Description
BACKGROUND OF THE INVENTION

This invention relates to an indexing turntable assembly and more particularly to a rotary workpiece table for moving a table from one angular work station position to another which table is locked at each station. It is frequently necessary in industry to employ an indexing turntable which positions workpieces at various work stations where a specified machining, assembly, treatment or positioning step is completed. Since ordinarily external forces are applied to the workpiece at the work stations, the turntable must be securely locked into position. In addition, the indexed positions of the workpiece must be held within close tolerances since ordinarily the external tool or device does not sense the workpiece positions and therefore a predetermined workpiece position must be accurately maintained by the turntable. U.S. Pat. No. 3,383,955 issued to this inventor also relates to an indexing mechanism. That patent however, does not teach or suggest the invention disclosed herein.

SUMMARY OF THE INVENTION

This invention is embodied in an indexing turntable assembly which achieves the above-mentioned objectives and is further highly reliable and of relatively simple construction. The turntable is caused to index from one work station position to another through actuation by a translating member such as the piston rod of a conventional pneumatic cylinder. For the sake of explanation, the translating member is assumed to be a pneumatic cylinder which moves from a normal extended position to a retracted position. The turntable is affixed to an indexing hub having a plurality of equally radially spaced notches formed by a peripheral flange. The turntable and indexing hub are rotatably mounted by a spindle affixed to a mounting plate. A spring biased one-way clutching dog engages one of the notches when the indexing hub is at a work station position yet permits rotation of the hub from one work station to the next. Indexing hub rotation results from the angular reciprocating action of an indexing yoke about the spindle which yoke is connected to the translating actuation member by a link such that retraction of the actuation member cause a predetermined angular rotation of the yoke in one angular direction whereas extention causes the yoke to return to its original position through rotation in the opposite direction. The yoke includes a one-way driving dog which disengages an indexing hub notch upon retraction and is moved into registry with and engages the next notch to drive the hub to the next work station position upon actuation member extension. The indexing hub is locking in an indexed position by a locking pawl which engages an indexing hub notch when the translating actuation member is extended. The angular position of the link with respect to the actuating member and indexing yoke is such that a toggle action results upon actuation member extension whereby the locking pawl is securely positioned and cannot be dislodged absent mechanical failure of a component making the lock quite secure. The above mentioned toggle action provides an additional advantage in that the angular velocity of the indexing table as it moves from one indexed position to the next decreases as the table approaches an indexed position.

Additional benefits and advantages of the present invention will become apparent to those skilled in the art to which their invention relates upon a reading of the description of the described preferred embodiments of this invention taken in conjunction with the accompanying drawings.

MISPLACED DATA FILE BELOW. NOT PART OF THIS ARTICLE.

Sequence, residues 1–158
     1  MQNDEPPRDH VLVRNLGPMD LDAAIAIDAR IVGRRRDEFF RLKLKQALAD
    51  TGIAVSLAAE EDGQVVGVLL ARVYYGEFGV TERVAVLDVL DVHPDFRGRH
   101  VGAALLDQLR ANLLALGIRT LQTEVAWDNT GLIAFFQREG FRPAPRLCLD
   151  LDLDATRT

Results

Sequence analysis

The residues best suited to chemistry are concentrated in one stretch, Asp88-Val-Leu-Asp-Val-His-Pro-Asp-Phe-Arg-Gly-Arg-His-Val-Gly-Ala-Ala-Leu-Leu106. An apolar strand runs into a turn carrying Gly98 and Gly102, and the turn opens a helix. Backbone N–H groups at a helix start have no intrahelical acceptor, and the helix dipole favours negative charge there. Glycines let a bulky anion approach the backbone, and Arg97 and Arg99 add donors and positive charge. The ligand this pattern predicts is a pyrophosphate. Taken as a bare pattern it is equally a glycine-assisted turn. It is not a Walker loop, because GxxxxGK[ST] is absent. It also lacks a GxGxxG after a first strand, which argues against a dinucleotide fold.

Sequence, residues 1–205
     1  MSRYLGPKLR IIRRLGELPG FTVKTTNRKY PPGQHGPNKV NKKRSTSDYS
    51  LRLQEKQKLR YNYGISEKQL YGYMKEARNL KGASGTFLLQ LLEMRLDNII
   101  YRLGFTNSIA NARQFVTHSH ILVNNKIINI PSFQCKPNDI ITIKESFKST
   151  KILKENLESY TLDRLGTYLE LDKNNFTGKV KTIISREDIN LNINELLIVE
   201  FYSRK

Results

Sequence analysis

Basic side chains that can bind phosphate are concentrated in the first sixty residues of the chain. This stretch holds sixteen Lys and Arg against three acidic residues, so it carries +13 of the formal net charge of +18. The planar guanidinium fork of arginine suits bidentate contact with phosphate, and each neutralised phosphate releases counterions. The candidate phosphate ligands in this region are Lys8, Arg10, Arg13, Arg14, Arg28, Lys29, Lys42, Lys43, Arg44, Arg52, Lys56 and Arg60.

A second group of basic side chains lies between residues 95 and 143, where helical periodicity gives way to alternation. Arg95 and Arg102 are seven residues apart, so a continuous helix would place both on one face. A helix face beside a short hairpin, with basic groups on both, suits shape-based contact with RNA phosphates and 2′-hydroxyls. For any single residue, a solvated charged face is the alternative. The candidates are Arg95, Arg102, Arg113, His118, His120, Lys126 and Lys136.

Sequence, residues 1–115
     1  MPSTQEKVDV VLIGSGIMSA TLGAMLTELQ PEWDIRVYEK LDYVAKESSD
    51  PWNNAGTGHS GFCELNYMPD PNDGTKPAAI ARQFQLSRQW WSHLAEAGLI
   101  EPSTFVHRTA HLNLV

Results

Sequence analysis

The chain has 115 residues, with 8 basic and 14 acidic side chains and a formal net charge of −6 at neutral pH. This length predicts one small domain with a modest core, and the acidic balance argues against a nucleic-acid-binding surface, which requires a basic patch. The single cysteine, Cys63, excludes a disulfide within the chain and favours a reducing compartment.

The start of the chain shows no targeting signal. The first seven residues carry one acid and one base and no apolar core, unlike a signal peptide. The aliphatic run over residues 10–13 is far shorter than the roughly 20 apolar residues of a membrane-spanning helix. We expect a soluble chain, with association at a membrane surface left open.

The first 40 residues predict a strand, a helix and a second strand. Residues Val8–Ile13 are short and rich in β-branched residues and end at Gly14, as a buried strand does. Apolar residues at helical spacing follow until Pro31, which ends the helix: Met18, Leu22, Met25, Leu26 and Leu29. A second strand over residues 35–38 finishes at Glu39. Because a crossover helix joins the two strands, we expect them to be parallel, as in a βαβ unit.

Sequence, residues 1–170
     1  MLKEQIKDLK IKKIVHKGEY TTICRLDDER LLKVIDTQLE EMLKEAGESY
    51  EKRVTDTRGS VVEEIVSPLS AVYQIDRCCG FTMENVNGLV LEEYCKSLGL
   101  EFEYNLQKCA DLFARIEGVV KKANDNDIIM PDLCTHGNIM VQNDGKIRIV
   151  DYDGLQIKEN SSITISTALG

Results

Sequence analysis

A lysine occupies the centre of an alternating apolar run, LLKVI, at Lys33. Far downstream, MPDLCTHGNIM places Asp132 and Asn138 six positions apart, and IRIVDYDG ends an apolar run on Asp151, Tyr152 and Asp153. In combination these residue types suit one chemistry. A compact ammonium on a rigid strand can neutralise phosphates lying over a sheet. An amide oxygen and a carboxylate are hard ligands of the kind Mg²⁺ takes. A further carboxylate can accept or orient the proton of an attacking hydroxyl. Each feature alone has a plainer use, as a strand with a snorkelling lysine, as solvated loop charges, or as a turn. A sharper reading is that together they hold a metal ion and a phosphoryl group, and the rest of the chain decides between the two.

DESCRIPTION OF THE DRAWINGS

FIG. 1 is a top view of an indexing table embodying this invention with the turntable partially cut away to reveal the underlying structure.

FIG. 2 is a partial side view and section taken along line 2--2 of FIG. 1.

FIG. 3 is an exploded pictorial view of the indexing table according to this invention.

FIG. 4A is a partial top view of the indexing table mechanism showing the relationship of components at the initiation of actuation member retraction.

FIG. 4B is a partial top view of the indexing table mechanism showing the relationship of components at the fully retracted position of the actuation member.

FIG. 4C is a partial top view of the indexing table mechanism showing the relationship of components as the table is being rotated to a new work station position.

DETAILED DESCRIPTION OF THE INVENTION

An indexing table according to this invention is shown by each of the Figures and is generally designated by reference character 10.

With specific reference to FIGS. 1, 2 and 3, mounting plate 12 is affixed nonrotatable spindle 14. Spindle 14 forms a first diameter section 16 and second diameter section 18. Indexing yoke 20 includes an internal diameter 22 sufficient to be closely received by spindle second diameter section 18 and rotatable thereon. Indexing hub 24 forms internal diameter 26 which slidably overfits spindle first diameter section 16 and is rotatable thereon. Spindle second diameter section 18 has sufficient axial height to provide clearance between yoke 20 and indexing hub 24 such that they may be rotated independantly. Turntable 28 is a large diameter flat circular plate mounted to indexing hub 24 by a plurality of bolts 30. Spindle plate 32 is mounted to spindle 14 by bolts 34 and traps turntable 28 such that it cannot be removed. For the reason that spindle 14 must be free to rotate, spindle first diameter section 16 must have sufficient axial height to prevent interference between turntable 28 and nonrotatable spindle plate 32.

Actuation cylinder 36 is shown as a conventional pneumatic cylinder which may be actuated to cause extension and retraction of cylinder rod 38 in a manner well known in the art. Actuation cylinder 36 could alternately be mounted below mounting plate 12 in which case movement of cylinder rod 38 would be communicated to link 44 through a modified rod slider which would translate along a slot in the mounting plate (not shown). Moreover, it is well within the scope of this invention to employ any one of numerous types of linearly translating actuating means including by way of illustration a hydraulic cylinder, solenoid or a gear drive powered by a pneumatic, hydraulic or an electric motor. In the illustrated embodiment, rod 38 is fast to a rod slider 40 which is restrained to translatory movement within rod slider track 42. Link 44 is hinged to rod slider 40 by first link pivot pin 46 which permits relative rotation therebetween. Link 44 is also hinged to indexing yoke 20 by second link pivot pin 48. By this arrangement, upon retraction of cylinder rod 38 yoke 20 moves in a counterclockwise direction in the illustrated embodiment about spindle 14 whereas yoke 20 moves clockwise upon cylinder rod 38 extension. Reference to cylinder 38 extension and retraction is used by way of illustration, a cylinder or other actuation means could be employed such that retraction would produce the same effect as extension of cylinder 38 and vice versa. Driving dog 50 is a plunger member biased toward spindle 14 by helical coil spring 52. Driving dog 50 is restrained by yoke 20 to move along a radial path with respect to spindle 14. Dog 50 further forms head portion 54 which includes a sloped surface which engages one of the plurality of equally radially spaced semicircular notches 56 formed by indexing hub 24. The sloped surface of driving dog head causes driving dog 50 to disengage notch 56 when yoke 20 is moved counterclockwise yet engages a notch 56 when driven clockwise and positioned in registry with a notch.